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Forbes Business Feature: A Few Pioneering Women Every Advertising Industry Pro Should Know

How well do you know the names of women who pursued careers in advertising and media despite the odds stacked against them and the norms of their time? Although I read marketing industry stories every day, I must admit I just learned about many of these trailblazing women while researching this post. As we celebrate Women’s History Month and continue to work toward a more equal playing field for women behind the scenes and depicted on-screen, here’s a brief timeline of a few noteworthy firsts.

1828: Sarah Josepha Hale, hired as editor of the Ladies’ Magazine in Boston, became the first female editor of a U.S. magazine. Sarah went on to publish Poems for Our Children in 1830, which included her most famous piece, “Mary Had a Little Lamb.”

1876: Eliza Jane Nicholson became the first female publisher of a major metropolitan newspaper in the United States. During her time running the Daily Picayune in New Orleans, she advocated for increased hiring and equitable pay for women on staff. If you’re ever in the French Quarter area, you can visit her namesake hotel, located on the paper’s old grounds.

1880: Mathilde C. Weil founded the first female-run advertising agency, the M.C. Weil Agency in New York. For the century that followed, if a woman wanted to command the top spot at an agency like Weil, she would have to start her own.

1904: With $1.25, Madam C.J. Walker launched her own line of black hair care products and ultimately became America’s first female self-made millionaire.

1908: The J Walter Thompson agency hired its first female copywriter, Helen Lansdowne Resor. Creating ads for P&G and the Red Cross, Resor is credited as the first woman to plan and write for major advertising campaigns outside of retail. She was inducted into the Advertising Hall of Fame in 1967.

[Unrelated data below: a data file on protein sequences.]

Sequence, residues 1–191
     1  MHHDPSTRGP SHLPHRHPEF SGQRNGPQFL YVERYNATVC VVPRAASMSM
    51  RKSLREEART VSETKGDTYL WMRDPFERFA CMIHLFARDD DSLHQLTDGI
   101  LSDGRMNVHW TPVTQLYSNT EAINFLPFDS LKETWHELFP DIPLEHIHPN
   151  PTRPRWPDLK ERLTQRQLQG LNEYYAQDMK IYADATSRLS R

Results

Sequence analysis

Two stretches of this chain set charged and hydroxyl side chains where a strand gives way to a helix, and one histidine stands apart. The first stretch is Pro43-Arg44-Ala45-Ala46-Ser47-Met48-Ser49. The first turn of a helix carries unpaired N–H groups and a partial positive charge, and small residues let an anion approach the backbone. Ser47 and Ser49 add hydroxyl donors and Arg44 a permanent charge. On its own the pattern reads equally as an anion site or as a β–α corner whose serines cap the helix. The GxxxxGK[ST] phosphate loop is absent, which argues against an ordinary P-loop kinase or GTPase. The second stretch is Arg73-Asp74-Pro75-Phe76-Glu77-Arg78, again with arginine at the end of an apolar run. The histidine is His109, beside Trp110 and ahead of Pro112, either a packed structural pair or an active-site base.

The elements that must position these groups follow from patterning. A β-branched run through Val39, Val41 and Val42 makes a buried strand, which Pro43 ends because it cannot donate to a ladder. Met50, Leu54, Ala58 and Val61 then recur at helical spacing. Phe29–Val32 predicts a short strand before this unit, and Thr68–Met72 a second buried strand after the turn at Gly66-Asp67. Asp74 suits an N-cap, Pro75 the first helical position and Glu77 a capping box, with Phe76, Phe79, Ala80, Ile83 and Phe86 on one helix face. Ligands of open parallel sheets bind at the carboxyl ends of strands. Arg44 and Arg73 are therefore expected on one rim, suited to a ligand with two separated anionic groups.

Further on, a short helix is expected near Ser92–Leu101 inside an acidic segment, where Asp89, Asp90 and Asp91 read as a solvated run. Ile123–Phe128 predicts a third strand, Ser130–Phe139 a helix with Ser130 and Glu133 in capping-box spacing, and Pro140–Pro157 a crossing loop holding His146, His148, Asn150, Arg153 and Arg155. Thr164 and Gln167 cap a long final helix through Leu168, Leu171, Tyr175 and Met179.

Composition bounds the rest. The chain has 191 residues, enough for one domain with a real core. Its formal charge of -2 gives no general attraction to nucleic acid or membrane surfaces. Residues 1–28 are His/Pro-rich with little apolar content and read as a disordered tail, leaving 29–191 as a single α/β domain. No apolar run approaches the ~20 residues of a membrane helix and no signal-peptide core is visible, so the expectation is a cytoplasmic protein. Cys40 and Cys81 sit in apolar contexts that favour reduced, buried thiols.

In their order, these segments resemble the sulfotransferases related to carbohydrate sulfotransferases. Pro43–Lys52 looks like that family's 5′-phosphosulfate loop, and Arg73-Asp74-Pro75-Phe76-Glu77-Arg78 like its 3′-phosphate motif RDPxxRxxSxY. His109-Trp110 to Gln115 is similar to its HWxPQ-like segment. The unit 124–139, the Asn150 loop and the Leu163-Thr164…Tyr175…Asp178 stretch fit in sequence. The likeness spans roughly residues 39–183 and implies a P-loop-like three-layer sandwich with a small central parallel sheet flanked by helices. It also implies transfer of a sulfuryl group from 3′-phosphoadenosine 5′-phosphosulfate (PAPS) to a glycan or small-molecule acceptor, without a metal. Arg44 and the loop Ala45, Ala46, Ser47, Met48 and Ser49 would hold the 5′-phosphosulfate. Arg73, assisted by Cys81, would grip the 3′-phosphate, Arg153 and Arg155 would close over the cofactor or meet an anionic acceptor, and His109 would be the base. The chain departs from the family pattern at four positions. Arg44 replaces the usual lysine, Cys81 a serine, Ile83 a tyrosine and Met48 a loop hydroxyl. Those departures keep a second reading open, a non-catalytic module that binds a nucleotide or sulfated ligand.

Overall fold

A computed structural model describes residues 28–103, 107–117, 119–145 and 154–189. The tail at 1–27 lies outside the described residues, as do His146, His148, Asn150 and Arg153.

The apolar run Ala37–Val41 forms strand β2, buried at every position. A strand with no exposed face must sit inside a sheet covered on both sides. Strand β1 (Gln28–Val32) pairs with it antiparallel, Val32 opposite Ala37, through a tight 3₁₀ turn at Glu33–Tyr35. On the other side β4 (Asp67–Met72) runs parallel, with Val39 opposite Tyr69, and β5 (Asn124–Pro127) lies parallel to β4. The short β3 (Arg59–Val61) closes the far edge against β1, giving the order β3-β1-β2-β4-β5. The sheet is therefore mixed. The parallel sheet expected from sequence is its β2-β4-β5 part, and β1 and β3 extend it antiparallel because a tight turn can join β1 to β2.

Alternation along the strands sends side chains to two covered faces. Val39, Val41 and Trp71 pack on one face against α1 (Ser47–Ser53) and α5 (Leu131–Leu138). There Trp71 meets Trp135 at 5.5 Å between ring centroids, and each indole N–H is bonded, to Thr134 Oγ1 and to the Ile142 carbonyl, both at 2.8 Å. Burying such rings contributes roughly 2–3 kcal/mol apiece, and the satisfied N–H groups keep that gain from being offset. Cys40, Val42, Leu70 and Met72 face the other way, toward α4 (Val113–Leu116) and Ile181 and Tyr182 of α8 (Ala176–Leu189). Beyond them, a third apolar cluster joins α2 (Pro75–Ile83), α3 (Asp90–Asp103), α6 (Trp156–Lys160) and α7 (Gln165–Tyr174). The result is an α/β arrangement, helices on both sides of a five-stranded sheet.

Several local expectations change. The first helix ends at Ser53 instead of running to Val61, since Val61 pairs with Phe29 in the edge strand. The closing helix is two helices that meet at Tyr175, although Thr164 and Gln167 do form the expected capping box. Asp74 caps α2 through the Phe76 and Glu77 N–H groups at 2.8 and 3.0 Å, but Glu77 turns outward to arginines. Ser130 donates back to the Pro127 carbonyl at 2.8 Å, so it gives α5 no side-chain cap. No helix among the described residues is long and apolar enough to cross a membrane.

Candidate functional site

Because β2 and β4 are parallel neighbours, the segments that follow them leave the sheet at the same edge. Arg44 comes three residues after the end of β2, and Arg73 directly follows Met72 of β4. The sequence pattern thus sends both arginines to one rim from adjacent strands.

1912: Christine and J. George Frederick founded League of Advertising Women to encourage women to pursue careers in the ad industry and provide an alternative to men-only clubs. The organization (rebranded as She Runs It) has since grown to cover all areas of marketing and media.

1926: Nedda McGrath became the first female art director at a major U.S. agency when she joined the Blackman Agency. “I know of no other woman art director in the field,” she was quoted as saying in the ad history book, The Mirror Makers. “I was discouraged by everyone from making the attempt and had to work perhaps harder than a man.”

1939: NBC hired Thelma Prescott as television’s first female producer/director.

1952: Erma Proetz became the first woman elected to the Advertising Hall of Fame. She climbed the ranks at Gardner Advertising Company of St. Louis for two decades, from copywriter to executive vice president.

1968: Mary Wells Lawrence became the first female CEO of a company traded on the New York Stock Exchange when the agency she co-founded—Wells, Rich, Greene—went public.

1970: Barbara Proctor founded Proctor and Gardner Advertising, becoming the first African-American woman to own an ad agency.

1977: Caroline Robinson Jones became the first black female VP of a major advertising agency at BBDO. Throughout her career she fought to create more diverse representation for people of color in a predominantly white male industry and broke glass ceilings at a number of agencies. She went on to found her own firms, and her TV work for brands like Goodyear and Anheuser-Busch has been featured at the American History museum.

1985: Having climbed the ladder at Della Femina, Louise McNamee became the first woman appointed to run an established advertising agency. She later took on the title of first woman to helm a global advertising agency as partner at MVBMS.

2008: Jacqueline Parkes became the first female chief marketing officer in professional sports when she took on the role at Major League Baseball. In June 2018 she was named CMO and EVP of Digital Studios for Viacom’s VH1, MTV and Logo networks.

2018: A group of 200 ad agency executives, including Saatchi & Saatchi CEO Andrea Diquez and Droga5 Global CEO Sarah Thompson, joined forces with Time’s Up to fight sexual harassment and other forms of abuse in the industry. What started out as a series of emails, phone calls and meetings among peers evolved into the Times Up Advertising movement.

2018: With A Wrinkle In Time, Ava Duvernay became the first black woman to direct a film grossing over $100 million at the domestic box office.

Original Article